lively excursion, the author takes a fun-filled, in-depth look at eight infamous cases of bad science: highly touted discoveries or projects that are astonishing examples of serious scientific slipups.”
BIOGRAPHY: MATHEMATICIANS + SCIENTISTS
By Silvia Nasar.(Simon & Schuster, 459 pp, 1998) General audience. This is the book on which the movie was based. John Nash was one of the most brilliant mathematicians of the 1940s and 1950s, but he suffered from schizophrenia, which devastated not only him, but his work, and his family (or families). Eventually he got well enough to earn a Nobel Prize for game theory. "…a story about the mystery of the human mind, in three acts: genius, madness, reawakening.” .
. By Charles A. Cerami, Robert M. Silverstein (Wiley, 288 pp, 2002) Teen-Adult. “Herein breathes the universal genius Benjamin Banneker — mathematician, astronomer, diarist, and sage…. Captured completely is the flowering genius of a largely home-schooled boy wonder, exhibiting mathematical wizardry while devouring the Bible, Plato, Epictetus, and virtually every other extant tome. … We understand how the pragmatic farmer who was imbued with Quaker ideology endured decades of ignominious racism with overt equanimity while haunted by incessant night terrors. We comprehend the heroism of the man whose very existence refuted Thomas Jefferson's notorious public denial of black intellect in Notes on Virginia when, speaking truth to power, Banneker launched an anti-slavery epistle at the ambivalent and duplicitous Jefferson. We are enraged at the account of arsonists setting fire on the day of Banneker's funeral to the small, rustic log cabin where the genius had labored in solitude among his instruments, papers, and books….” I don’t know whether this volume repeats the many [untrue] myths that have grown up around its subject.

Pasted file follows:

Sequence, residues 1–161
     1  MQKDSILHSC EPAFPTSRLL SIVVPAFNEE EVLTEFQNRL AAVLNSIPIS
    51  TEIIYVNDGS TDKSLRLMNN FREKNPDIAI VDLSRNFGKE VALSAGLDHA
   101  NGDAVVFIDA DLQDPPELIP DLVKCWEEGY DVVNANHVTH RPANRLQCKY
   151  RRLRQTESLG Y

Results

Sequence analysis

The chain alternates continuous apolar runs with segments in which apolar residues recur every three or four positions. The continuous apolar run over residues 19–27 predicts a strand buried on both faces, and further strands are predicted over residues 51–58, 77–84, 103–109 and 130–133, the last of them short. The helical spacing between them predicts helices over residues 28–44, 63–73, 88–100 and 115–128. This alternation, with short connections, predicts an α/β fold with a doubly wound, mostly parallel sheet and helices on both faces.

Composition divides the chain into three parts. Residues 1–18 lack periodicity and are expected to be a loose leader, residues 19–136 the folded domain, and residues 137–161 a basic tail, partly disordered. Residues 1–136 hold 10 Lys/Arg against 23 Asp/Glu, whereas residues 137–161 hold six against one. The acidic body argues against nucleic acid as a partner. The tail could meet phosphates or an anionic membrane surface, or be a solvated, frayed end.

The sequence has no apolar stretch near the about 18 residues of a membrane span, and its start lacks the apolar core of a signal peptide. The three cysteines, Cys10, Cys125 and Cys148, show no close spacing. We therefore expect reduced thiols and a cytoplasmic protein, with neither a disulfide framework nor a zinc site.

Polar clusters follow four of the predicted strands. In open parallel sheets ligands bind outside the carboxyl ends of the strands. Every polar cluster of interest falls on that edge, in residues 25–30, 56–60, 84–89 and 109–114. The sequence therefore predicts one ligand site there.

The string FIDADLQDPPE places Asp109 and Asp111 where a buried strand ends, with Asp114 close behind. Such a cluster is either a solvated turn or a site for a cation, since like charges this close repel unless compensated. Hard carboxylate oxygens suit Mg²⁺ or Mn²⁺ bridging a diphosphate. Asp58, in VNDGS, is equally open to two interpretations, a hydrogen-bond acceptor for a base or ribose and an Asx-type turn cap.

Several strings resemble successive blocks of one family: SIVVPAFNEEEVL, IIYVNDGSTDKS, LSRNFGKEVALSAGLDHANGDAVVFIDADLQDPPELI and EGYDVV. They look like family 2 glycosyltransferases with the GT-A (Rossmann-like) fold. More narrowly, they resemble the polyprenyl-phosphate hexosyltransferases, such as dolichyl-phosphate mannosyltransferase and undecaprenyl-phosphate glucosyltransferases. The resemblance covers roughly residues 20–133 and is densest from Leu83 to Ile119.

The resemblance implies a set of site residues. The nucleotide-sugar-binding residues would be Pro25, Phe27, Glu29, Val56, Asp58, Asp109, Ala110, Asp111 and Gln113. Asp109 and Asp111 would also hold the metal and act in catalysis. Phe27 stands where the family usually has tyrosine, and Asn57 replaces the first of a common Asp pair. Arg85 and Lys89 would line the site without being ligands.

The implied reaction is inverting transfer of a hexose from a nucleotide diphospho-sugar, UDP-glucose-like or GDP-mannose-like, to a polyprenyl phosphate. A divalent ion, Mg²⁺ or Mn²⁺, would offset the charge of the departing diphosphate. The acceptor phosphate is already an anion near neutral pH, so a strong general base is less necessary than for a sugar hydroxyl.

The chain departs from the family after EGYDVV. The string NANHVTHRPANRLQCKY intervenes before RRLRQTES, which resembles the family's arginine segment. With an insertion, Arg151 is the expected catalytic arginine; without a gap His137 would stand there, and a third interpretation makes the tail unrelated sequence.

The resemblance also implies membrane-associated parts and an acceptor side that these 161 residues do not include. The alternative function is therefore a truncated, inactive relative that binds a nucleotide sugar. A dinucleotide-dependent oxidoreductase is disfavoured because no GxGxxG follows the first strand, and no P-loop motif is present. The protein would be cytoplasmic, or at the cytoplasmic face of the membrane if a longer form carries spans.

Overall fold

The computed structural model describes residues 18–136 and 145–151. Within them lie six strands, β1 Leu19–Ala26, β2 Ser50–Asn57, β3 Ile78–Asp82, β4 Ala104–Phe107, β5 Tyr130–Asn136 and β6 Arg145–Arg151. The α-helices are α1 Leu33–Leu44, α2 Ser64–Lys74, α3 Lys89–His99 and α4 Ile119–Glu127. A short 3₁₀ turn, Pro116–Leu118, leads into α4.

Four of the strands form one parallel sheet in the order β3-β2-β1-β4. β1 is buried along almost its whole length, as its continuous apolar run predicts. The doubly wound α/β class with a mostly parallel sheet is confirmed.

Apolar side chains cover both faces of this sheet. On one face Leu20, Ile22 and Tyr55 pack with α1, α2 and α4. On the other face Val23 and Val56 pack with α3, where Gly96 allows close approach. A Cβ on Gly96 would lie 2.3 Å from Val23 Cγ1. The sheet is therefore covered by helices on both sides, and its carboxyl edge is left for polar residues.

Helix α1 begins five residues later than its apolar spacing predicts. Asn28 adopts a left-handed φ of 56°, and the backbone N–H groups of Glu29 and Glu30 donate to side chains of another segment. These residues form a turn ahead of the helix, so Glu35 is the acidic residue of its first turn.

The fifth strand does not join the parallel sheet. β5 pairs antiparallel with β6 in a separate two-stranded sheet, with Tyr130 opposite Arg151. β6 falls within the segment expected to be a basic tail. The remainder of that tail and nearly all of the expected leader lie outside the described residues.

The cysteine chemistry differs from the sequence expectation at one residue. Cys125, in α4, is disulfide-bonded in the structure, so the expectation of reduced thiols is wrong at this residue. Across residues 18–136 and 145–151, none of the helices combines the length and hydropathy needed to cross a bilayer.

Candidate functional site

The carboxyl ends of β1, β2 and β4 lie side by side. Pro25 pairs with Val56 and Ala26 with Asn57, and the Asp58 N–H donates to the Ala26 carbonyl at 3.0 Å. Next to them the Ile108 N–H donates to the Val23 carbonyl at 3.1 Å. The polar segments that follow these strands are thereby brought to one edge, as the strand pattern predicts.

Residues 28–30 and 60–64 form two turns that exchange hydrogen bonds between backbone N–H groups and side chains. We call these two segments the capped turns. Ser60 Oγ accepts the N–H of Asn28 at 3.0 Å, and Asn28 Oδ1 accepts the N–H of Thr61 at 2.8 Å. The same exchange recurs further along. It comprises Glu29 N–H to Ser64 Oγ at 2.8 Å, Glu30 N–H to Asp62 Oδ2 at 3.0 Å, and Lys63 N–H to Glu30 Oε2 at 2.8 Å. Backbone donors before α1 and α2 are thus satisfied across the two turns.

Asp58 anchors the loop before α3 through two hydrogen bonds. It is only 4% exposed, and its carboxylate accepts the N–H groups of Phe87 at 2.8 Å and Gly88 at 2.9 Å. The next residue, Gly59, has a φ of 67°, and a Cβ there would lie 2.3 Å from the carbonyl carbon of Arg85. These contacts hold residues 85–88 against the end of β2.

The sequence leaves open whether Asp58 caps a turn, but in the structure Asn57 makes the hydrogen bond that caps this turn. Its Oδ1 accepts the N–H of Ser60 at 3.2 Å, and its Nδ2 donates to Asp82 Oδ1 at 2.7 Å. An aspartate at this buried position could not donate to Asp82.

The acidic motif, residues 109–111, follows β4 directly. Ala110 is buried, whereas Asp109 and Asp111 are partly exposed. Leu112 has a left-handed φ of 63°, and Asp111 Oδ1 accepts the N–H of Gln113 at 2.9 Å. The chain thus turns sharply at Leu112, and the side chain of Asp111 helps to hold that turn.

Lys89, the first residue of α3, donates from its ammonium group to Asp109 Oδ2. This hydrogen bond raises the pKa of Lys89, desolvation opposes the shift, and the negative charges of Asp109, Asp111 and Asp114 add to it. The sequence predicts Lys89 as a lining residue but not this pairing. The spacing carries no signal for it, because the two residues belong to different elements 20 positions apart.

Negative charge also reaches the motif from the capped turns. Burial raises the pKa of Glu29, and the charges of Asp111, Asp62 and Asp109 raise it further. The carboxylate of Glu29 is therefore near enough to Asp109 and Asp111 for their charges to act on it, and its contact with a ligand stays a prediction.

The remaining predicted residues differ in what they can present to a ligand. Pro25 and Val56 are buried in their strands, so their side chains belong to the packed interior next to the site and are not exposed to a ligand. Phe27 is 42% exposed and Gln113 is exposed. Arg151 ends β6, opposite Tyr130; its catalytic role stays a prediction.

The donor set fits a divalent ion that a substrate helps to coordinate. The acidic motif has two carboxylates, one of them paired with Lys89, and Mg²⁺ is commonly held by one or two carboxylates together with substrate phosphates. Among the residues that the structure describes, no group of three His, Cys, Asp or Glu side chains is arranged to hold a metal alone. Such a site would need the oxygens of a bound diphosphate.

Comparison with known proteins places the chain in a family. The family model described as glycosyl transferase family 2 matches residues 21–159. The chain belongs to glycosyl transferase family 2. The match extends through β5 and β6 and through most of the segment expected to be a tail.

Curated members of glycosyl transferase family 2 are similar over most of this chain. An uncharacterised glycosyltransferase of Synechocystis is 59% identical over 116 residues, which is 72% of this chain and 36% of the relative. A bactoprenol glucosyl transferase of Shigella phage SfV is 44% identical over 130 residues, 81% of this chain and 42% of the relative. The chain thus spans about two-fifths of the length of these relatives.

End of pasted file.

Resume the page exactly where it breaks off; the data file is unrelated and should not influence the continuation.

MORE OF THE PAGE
By Norbert Wiener (or other similar titles by him– not easy to find!) General audiences. Norbert Wiener was one of the greatest applied mathematicians of this century, and had a great impact on the invention and uses of robots and computers. His writing is clear and elegant. The last book mentioned does not have a single equation. Anything by him that you can find in a library would be good, if you can understand it. I read when I was in high school and thought it was great.
by Dava Sobel. . (Walker, 420 pp, 1999) GFBR ****. HS-Adult. Details the life of Galileo Galilei, the inventor of the astronomical telescope, and his daughter, a nun, and how he was condemned and sentenced by the Catholic Inquisition for his views on whether the earth revolved around the sun, or vice versa, even though Galileo always considered himself to be a good Catholic. By the way, you also find out that Galileo wasn’t always right about everything.
By Silvio A. Bedini. (Md. Historical Society, 448 pp, 1999) GFBR ****. HS-Adult. “Bedini’s authoritative biography of Banneker will be welcomed by those interested in the history of American science as well as students of black history. Well written and exhaustively researched, it is more than simply a recounting of the life and deeds of the black astronomer and almanac maker. Bedini’s work deals with the economy of 18th-centrury Maryland, the important contributions of the Ellicott family to the area and the new nation, the surveying of the District of Columbia, and the methods used by early almanac makers in their computations.” This well-researched accurate book lays to rest several popular myths about
Science and Math Books You Can Read – page 5 out of 30